My Modern Day Silly Putty: Silicone

by Laura on November 8, 2009

in Tools

Up until recently, my most favorite use for silicone has beenSilly Putty.

Today, I’d have to say I still play with silicone, but now it is in the kitchen. Sure, professional chefs have been in on the secret for ages, but my foray into silicone came only a few years ago when this industrial substance finally made its foray into the home kitchen.

Silicone is lightweight, flexible, nonstick, unbreakable, rustproof, easy to use and easy to store. Who wouldn’t like it? I’ve welcomed its functionality – and whimsical styles –into my kitchen with open arms. In the process, I’ve tried a lot.  Some I’ve liked, others I could do without – but overall, I’m glad silicone is part of my kitchen.

The main benefits of silicone in the kitchen is that it is heat resistant to upwards of 600 degrees Fahrenheit and is non porous – two important attributes when it comes to the kitchen. Take the potholder as an example. Traditionally made of fabric, the potholder doesn’t always keep our hand safe from the heat, gets dirty, and needs to be replaced on a frequent basis. On the other hand, the silicone potholders (and oven mitts) are much more durable and useful. They can withstand the heat that a typical cloth potholder or oven mitt might not. As an added benefit, the silicone potholder is slip resistant and waterproof. And, if it is a coordinated kitchen look you’re going for, these potholders are available in a variety of colors.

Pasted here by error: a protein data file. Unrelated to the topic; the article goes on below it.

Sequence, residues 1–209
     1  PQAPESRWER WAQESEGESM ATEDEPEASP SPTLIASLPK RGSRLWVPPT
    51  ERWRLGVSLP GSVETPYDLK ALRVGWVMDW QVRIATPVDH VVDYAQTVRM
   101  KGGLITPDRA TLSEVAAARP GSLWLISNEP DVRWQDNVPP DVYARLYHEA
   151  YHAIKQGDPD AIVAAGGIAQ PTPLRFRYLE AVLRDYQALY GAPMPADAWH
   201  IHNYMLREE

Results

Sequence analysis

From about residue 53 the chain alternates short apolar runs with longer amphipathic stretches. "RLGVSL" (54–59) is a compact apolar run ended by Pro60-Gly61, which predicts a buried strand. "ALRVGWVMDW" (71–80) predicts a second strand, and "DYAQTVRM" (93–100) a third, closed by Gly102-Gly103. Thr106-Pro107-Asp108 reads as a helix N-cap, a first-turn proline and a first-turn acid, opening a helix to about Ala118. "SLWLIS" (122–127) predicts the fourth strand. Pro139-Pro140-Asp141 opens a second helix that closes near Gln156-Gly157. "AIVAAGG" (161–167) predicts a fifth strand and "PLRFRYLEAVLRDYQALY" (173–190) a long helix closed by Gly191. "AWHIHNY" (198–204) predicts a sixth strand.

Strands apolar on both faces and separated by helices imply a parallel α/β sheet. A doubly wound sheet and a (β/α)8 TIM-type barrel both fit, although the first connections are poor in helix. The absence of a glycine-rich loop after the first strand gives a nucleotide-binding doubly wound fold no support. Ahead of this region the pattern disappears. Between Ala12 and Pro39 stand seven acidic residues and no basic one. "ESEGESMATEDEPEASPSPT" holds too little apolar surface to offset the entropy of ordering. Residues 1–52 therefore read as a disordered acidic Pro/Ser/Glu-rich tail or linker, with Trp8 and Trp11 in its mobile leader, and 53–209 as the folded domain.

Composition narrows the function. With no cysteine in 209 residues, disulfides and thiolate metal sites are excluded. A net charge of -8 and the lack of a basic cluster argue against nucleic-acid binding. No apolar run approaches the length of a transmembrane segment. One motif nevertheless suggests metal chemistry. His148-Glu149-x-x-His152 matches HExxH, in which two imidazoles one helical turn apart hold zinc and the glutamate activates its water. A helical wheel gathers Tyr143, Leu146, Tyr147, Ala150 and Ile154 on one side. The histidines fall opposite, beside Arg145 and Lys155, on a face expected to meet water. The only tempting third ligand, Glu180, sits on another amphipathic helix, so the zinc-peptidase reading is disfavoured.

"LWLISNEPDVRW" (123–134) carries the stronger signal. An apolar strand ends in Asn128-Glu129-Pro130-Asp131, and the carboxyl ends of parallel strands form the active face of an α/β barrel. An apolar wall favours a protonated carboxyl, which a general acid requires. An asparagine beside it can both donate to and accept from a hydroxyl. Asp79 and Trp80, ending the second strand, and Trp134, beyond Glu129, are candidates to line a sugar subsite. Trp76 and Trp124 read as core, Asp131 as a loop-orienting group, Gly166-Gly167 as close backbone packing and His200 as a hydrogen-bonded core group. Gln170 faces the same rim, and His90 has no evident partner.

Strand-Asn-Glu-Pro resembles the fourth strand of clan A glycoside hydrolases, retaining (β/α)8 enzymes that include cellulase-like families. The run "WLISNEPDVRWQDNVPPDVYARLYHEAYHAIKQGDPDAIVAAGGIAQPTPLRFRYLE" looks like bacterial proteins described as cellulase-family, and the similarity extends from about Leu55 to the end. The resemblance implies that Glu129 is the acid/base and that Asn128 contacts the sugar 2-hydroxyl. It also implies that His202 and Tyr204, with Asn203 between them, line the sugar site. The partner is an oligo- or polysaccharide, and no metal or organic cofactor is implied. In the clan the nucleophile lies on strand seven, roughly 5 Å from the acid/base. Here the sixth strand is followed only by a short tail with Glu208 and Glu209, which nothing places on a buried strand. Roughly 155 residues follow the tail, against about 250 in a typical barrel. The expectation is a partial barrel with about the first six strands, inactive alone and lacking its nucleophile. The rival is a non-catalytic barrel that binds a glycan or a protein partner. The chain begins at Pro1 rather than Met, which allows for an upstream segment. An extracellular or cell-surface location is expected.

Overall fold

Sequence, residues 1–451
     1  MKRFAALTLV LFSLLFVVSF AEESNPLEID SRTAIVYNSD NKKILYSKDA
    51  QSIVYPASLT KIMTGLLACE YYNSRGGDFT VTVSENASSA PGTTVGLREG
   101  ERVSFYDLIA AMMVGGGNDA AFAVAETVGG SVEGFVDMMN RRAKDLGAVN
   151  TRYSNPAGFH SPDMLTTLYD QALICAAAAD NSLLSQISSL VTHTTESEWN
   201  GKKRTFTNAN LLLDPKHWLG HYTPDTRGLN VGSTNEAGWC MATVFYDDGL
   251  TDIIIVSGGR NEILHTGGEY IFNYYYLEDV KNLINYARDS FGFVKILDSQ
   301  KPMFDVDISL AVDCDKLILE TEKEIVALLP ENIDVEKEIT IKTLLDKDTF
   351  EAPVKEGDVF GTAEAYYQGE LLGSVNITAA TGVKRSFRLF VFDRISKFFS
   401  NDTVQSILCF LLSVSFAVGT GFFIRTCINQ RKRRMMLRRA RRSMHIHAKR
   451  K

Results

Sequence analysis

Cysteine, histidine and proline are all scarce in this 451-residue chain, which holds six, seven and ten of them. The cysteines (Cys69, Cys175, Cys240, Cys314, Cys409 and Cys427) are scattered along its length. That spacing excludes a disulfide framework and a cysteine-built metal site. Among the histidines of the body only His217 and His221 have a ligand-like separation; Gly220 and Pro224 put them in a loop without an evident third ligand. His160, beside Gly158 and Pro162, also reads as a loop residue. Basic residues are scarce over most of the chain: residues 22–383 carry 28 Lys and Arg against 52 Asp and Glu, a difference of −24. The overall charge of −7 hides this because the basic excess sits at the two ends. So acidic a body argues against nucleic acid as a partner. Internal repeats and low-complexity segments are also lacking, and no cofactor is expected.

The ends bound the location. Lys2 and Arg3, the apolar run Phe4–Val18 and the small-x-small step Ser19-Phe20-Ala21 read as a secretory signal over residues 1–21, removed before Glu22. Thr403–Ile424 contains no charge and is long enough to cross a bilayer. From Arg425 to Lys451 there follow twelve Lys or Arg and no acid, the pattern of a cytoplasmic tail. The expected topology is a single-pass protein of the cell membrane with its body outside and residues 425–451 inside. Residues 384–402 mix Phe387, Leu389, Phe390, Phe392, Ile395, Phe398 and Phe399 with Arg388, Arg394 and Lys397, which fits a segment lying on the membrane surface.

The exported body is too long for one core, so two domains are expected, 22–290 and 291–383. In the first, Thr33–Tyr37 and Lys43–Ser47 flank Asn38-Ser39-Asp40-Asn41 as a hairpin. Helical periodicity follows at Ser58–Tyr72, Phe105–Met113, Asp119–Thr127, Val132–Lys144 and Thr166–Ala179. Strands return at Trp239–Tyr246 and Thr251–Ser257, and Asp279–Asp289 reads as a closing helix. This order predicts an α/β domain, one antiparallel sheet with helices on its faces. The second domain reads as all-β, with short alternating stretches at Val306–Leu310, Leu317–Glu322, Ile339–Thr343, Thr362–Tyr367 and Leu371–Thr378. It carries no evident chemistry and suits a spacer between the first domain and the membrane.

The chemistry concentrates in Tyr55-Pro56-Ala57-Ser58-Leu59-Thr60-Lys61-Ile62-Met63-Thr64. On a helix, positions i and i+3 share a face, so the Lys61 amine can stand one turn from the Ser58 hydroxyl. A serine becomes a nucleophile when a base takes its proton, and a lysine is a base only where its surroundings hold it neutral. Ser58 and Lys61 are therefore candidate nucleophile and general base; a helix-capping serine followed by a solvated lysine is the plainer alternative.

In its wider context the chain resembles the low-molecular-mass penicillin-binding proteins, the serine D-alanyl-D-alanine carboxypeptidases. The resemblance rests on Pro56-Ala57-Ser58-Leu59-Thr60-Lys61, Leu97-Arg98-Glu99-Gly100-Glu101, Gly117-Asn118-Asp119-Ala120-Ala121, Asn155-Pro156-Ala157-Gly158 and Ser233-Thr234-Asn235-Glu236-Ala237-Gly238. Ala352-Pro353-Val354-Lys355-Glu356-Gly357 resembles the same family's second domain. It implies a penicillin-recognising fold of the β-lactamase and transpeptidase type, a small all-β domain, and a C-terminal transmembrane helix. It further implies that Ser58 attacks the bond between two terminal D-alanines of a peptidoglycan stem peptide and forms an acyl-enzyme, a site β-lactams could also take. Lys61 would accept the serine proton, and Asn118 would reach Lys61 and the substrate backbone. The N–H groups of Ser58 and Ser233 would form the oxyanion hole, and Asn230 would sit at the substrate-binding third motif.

Lamson & Goodnow’s HotSpot is flexible and easy to grasp, and come in a wide array of fun colors including transparent colors or even novelty designs such as snowflakes, snowmen or hearts.

Keep in mind that not all silicone is created equally. Its performance is dependent upon several factors such as the thickness of the silicone as well as its grade. Because silicone has become so popular, there are a lot of products out there to choose from. Some silicone products are made using bulk fillers – which is cheaper than using all silicone. They aren’t as effective, though. A quick test someone once showed me that will help determine if fillers are used is to bend it in half. If the color remains solid, then there are no fillers. But, if when you bend a red baking pan, for example, and you can see some white – then fillers are used. This is especially important with certain items such as baking pans where stick resistance and proper heat dispersion and retention are important. As for silicone baking pans, I’m not sold on the concept. I have found success with my metal pans, and I don’t want to experiment with results if I decided to use silicone baking pans. Keep in mind that the silicone baking molds don’t require greasing, and they can also be used in the freezer – (which, by the way, I like the silicone ice trays. They can be twisted and turned to make removal of ice a breeze) When using silicone for baking keep in mind that the form is floppier than a metal pan, so it will take some time to get used to placing the pan in the oven without spilling the batter.

Also, when using silicone for baking, there won’t be a browning effect – so, if that’s what you’re looking for, you might be disappointed. However if you’re frosting a cake, then the browning doesn’t really matter.

Other silicone kitchen tools that I have found indispensable include the spatula. The nonporous nature of silicone comes in handy especially when stirring tomato sauce. The silicone won’t discolor, and since it is heat resistant, you can use the silicone spatula in a pot of sauce or even to cook up scrambled eggs. As well, it won’t deteriorate when coming in contact with heat or food.